(TMRC) from the existing and future potential tolerances for picloram
on food crops. The TMRC is obtained by multiplying the tolerance level
residues (existing and proposed) by the consumption data which
estimates the amount of those food products eaten by various population
subgroups. Exposure of humans to residues could also result if such
residues are transferred to meat, milk, poultry or eggs. The following
assumptions were used in conducting the HED exposure assessment 100% of
the crops were treated, the RAC residues would be at the level of the
tolerance, and some refinements were made based on marketing
information previously supplied to HED by BEAD. This screening level
analysis results in an overestimate of human exposure and a
conservative assessment of risk. .
The chronic dietary exposure/risk estimates for picloram are
extremely low. For the United States population as a whole, the TMRC is
0.0011 milligram kilogram body weight day (mg/kg/bwt/day), <1 of the
RfD. The subgroup with the greatest routine chronic exposure is Non-
nursing Infants (< 1 year old), which has a TMRC of 0.0042 mg/kg/bwt/
day (2% of the RfD).
There is currently no form of sorghum observed in human consumption
surveys utilized by EPA in their dietary risk evaluation system (DRES)
assessments. Furthermore, residues of picloram in sorghum do not
increase the dietary burden of picloram in animal feeds. Therefore,
sorghum tolerances will have no effect on the human dietary consumption
of picloram, and the proposed action, as well as existing tolerances,
pose no concern with regards to chronic dietary exposure to food
residues of picloram.
The estimated carcinogenic dietary risk for HCB as an impurity in
picloram only for the U.S. population is 1.5 x10<SUP>-7</SUP> which
is less than the 1.0 x10<SUP>-6</SUP> point below which risk is
generally considered to be negligible.
ii. Drinking water. An additional potential source of dietary
exposure to residues of pesticides are residues in drinking water. The
Maximum Contaminant Level (MCL) for residues of picloram in drinking
water has been established at 500 <greek-m>g/L and a 1-10 day Health
Advisory of 20,000 <greek-m>g/L.
The Agency has published screening methods for estimating chemical
residues in both ground water (SCI-GROW2) and surface water (GENEEC).
Employing these methods yields the following 56 day Expected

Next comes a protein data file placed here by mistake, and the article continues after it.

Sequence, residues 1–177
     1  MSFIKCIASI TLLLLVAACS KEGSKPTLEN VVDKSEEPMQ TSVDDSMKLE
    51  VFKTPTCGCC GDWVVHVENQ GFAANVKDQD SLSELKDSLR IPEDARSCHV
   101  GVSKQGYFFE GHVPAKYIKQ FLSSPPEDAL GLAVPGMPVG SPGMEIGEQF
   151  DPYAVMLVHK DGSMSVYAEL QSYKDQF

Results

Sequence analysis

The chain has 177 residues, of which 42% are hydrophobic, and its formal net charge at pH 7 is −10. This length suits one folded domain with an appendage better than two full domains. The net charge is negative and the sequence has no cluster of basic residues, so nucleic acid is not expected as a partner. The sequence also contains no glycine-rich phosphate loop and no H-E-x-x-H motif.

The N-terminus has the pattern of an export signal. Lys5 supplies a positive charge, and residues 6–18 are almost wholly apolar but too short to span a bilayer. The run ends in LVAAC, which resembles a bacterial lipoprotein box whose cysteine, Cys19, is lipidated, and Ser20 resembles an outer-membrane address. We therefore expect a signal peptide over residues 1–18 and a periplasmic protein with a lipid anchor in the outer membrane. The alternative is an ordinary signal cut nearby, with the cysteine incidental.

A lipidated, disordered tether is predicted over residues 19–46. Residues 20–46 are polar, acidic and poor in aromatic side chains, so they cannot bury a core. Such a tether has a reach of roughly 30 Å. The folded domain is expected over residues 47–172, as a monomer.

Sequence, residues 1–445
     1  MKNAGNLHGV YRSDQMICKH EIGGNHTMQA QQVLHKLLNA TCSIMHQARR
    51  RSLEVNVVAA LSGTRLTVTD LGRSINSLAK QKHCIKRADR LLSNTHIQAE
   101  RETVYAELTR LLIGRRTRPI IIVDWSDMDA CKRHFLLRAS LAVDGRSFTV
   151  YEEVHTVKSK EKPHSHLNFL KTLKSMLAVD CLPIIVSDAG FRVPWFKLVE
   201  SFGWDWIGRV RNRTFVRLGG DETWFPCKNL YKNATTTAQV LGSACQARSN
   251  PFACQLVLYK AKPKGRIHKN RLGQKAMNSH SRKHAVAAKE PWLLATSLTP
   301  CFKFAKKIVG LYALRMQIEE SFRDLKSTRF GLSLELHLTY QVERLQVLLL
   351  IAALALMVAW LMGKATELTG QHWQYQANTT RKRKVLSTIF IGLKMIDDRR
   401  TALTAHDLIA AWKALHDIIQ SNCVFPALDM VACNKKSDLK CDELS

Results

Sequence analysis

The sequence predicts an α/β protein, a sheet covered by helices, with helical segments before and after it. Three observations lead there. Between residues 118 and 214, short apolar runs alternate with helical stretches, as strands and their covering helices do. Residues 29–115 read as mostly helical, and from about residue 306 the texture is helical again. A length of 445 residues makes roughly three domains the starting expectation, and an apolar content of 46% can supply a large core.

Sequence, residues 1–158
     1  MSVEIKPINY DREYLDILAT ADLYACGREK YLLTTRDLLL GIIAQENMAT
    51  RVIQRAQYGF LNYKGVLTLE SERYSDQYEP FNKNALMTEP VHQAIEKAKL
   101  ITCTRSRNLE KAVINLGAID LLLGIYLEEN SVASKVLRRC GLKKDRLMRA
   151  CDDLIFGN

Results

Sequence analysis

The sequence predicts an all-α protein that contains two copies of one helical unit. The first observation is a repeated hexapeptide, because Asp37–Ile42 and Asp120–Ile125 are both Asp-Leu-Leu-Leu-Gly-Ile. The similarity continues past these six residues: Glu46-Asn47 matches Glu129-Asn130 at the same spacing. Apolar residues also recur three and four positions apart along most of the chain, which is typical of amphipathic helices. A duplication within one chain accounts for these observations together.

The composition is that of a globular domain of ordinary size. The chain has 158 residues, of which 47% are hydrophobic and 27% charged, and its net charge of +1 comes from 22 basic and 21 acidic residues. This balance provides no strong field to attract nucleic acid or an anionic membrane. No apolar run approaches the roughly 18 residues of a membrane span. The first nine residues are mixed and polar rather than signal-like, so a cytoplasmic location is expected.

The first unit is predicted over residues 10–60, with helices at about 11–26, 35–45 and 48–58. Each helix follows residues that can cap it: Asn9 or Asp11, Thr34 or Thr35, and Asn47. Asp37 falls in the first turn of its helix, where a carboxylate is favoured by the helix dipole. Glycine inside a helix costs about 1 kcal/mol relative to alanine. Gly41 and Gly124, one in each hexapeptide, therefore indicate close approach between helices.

Environmental Concentrations (EEC) for a range of application rates:
Application rate (lb. acid SCI-GROW2 EEC GENEEC EEC (<greek-
equivalent/acre) and use (<greek-m>g/L) m>g/L)
0.023 (wheat, barley, and oats 4.4............... 1.2
1 (maximum broadcast rate in 189............... 51.3
2 (maximum spot treatment rate 379............... 103.1
The 56 day value is an appropriate endpoint to employ for the
chronic exposure scenario. Default, conservative inputs were used for
the models, as described in July 27, 1998 memorandum from EPA to Dow
AgroSciences. Employing these values, a worst-case drinking water risk
assessment can be performed as summarized below:
Population Subgroup\1\ RfD (mg/kg/day) Food Exposure (mg/
SCI-GROW2 EEC GENEEC EEC (<greek- kg/day)
US Population................... 0.2...............0.0011............
Females (13-19, not nursing or 0.2...............0.00090...........
Non-Nursing infants 0.2...............0.0043............
(<< 1 yr. old).
\1\ Population subgroups chosen in EPA memorandum of 7/27/98
\2\ = RfD - ARC from DRES (cited above)
\3\ Drinking water level of concern, based on default water body weights and
water consumption of : 70 kg/2L (adult males), 60 kg/2L (adult female), 10
Population Subgroup\1\ Exposure (mg/kg/ DWLOC (<greek-m>g/
SCI-GROW2 EEC day)\2\ L)\3\
US Population.......................7000... 379........ 103.1
Females (13-19, not nursing or .....6000..... 379........ 103.1
Non-Nursing infants .....2000..... 379........ 103.1
(<< 1 yr. old).
\1\ Population subgroups chosen in EPA memorandum of 7/27/98
\2\ = RfD - ARC from DRES (cited above)
\3\ Drinking water level of concern, based on default water body weights and
water consumption of : 70 kg/2L (adult males), 60 kg/2L (adult female), 10
This tables shows that for even the most highly exposed population,
exsure from water is below HED's DWLOC for chronic dietary exposure.
Further refinement is also possible, based on monitoring data.
Monitoring data available from the Pesticides in Ground Water Database
indicate that picloram has been detected in ground water at
concentrations ranging up to 30 <greek-m>g/L. Results reported in this
database typically were focused on highly vulnerable areas and in many
cases, the database reports information from poorly constructed or
damaged wells. These wells are at high risk because of the potential